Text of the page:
More than 400 protesters rallied in front of the Thompson Center in downtown Chicago on Tuesday, demanding increased state funding for mental health services.

Officials from mental health organizations and other supporters called for more money for community programs to help serve the mentally ill. Organizers said about 800 additional people rallied simultaneously in Springfield as part of the Ninth Annual Mental Health Rally and Lobby Day.

“We are trying to draw attention to the fact that community mental health systems need to be preserved,” said Mark Heyrman, chairman of the Mental Health Summit, on his way to the Springfield rally.

Heyrman argued that failing to provide funds to mental health programs could create even bigger problems with homelessness and crime – two issues that many protesters at the rally said they have experience with as recovered or current mental-illness sufferers.

About one in four Americans experiences some kind of mental illness each year, according to the National Alliance on Mental Illness of Greater Chicago. The availability of treatment for the more than 700,000 adults in Illinois with a severe mental illness depends on state funding, said Suzanne Andriukaitis, executive director of the Alliance.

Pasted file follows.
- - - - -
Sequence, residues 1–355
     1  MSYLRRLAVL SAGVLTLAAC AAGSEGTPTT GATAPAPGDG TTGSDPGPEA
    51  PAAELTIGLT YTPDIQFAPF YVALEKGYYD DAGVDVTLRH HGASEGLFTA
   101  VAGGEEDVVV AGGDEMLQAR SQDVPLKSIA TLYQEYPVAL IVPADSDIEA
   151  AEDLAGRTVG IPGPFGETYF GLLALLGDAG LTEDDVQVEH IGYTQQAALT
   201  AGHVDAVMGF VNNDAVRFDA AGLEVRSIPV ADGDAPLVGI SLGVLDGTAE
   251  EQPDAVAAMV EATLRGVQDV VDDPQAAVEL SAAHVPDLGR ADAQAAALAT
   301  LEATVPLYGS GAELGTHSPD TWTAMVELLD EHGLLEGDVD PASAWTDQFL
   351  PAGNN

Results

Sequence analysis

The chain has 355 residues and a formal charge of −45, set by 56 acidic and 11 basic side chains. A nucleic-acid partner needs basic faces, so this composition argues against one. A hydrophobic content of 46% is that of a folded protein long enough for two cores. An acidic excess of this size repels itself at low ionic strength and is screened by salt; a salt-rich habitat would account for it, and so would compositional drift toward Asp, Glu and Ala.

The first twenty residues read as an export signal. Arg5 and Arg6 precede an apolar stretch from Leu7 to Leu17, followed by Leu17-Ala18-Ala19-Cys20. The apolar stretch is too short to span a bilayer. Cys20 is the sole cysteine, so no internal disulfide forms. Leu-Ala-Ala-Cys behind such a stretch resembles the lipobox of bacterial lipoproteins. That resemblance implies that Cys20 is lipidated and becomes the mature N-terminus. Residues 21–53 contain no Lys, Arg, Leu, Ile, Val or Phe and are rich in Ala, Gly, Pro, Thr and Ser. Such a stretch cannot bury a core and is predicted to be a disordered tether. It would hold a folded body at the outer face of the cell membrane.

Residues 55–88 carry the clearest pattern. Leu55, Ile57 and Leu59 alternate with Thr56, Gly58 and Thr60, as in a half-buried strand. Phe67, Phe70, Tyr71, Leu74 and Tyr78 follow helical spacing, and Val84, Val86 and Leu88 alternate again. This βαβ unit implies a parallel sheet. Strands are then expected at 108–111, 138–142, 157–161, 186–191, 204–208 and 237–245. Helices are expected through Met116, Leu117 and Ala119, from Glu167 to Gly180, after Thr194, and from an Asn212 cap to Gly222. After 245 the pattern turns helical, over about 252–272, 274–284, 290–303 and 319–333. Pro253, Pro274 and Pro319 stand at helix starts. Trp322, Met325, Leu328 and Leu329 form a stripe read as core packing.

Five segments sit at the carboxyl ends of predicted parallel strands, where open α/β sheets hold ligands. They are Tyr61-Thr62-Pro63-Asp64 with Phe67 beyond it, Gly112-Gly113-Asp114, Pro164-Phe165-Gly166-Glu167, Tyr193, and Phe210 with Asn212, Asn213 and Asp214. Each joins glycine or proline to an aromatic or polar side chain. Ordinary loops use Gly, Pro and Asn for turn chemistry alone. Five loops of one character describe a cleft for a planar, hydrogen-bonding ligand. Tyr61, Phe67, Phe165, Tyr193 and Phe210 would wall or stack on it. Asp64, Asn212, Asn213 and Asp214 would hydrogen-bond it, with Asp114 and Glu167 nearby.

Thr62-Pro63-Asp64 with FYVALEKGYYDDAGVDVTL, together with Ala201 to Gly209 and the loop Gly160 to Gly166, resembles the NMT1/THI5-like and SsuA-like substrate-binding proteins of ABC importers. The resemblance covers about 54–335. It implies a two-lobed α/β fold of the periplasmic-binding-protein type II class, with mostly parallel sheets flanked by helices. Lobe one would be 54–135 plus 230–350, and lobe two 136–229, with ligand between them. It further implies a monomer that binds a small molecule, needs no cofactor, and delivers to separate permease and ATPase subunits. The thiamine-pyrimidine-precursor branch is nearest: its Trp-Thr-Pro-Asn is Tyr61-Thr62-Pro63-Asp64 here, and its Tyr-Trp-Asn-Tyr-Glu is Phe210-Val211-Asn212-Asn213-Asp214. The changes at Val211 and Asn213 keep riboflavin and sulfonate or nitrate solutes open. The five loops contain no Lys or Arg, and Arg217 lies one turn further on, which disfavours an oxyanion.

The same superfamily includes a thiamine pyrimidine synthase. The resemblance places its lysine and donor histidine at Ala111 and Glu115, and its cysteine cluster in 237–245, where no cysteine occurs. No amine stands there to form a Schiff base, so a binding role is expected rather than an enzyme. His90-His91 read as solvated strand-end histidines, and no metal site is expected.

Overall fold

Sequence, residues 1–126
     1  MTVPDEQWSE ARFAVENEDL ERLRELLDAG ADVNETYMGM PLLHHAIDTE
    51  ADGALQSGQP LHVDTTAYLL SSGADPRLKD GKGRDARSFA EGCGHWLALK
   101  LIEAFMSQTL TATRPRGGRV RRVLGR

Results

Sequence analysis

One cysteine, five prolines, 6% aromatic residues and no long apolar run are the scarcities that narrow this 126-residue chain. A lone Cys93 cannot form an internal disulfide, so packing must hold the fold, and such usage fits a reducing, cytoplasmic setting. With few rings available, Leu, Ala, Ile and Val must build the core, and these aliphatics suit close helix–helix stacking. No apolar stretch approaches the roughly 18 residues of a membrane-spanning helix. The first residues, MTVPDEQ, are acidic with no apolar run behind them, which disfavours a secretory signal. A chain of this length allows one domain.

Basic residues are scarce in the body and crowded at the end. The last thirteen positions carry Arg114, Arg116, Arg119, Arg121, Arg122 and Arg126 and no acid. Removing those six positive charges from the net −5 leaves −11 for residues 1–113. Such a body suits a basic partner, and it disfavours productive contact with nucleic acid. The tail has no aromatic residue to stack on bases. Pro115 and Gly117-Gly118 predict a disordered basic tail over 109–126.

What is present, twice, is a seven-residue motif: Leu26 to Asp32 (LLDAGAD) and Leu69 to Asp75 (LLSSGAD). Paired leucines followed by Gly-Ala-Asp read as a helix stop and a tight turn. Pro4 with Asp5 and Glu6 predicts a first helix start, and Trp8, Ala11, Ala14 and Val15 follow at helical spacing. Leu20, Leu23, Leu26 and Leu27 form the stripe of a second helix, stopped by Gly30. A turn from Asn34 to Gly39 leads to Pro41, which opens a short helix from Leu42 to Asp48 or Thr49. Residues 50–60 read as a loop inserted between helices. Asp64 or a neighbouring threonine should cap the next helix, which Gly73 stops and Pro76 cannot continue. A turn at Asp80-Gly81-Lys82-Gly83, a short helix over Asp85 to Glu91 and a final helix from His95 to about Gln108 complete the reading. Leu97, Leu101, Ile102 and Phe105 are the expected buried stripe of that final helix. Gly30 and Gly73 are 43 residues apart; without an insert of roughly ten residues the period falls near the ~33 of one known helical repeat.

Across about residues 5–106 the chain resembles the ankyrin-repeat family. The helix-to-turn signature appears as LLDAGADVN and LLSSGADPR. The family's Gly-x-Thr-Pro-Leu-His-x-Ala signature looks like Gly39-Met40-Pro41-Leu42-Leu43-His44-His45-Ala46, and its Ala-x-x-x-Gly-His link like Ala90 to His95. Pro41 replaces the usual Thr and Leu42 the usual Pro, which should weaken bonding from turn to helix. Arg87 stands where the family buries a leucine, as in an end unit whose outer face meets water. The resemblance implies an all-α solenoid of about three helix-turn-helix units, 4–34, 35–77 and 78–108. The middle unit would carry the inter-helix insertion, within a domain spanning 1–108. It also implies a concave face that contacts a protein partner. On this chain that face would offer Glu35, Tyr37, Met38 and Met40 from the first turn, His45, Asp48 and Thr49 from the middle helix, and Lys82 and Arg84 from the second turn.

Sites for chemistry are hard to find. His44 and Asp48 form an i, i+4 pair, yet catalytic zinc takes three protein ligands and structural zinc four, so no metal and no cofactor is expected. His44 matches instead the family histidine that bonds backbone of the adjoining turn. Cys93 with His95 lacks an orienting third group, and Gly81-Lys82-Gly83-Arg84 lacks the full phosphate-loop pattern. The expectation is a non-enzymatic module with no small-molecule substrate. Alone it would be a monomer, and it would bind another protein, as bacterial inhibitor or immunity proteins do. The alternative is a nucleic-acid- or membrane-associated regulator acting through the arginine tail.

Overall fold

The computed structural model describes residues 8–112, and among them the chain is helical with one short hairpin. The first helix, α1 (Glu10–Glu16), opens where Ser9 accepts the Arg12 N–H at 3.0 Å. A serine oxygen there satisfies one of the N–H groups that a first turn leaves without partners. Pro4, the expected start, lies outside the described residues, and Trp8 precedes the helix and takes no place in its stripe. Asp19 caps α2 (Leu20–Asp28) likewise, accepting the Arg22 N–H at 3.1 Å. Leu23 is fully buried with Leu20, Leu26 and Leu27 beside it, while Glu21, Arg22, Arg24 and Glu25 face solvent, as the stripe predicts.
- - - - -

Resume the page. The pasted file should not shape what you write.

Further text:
Several protesters and speakers noted that the recession will make it more difficult than ever to stop mental health funds from being reduced.

“This has been a tough economic year for Americans, but it’s been a tougher year for people with mental illness,” said Dr. Terrence Koller, the executive director of the Illinois Psychological Association.

Daniel Knapp, one of the protesters at the Thompson Center, thinks their cause should get more government attention as mental illness is more common than many people think.

“These are a lot of very creative, helpful people that can be even more helpful and creative in our society given the ability and the means to do so,” he said. “It takes money to do that.”

Dr. Nada Stotland, president of the American Psychiatric Association, told the crowd that everyone with a mental illness should have access to state help if they need it.

“If you need and want medication, you should get it. You have a right to it,” she said. “If you need and want therapy, you have a right to it and you should get it.”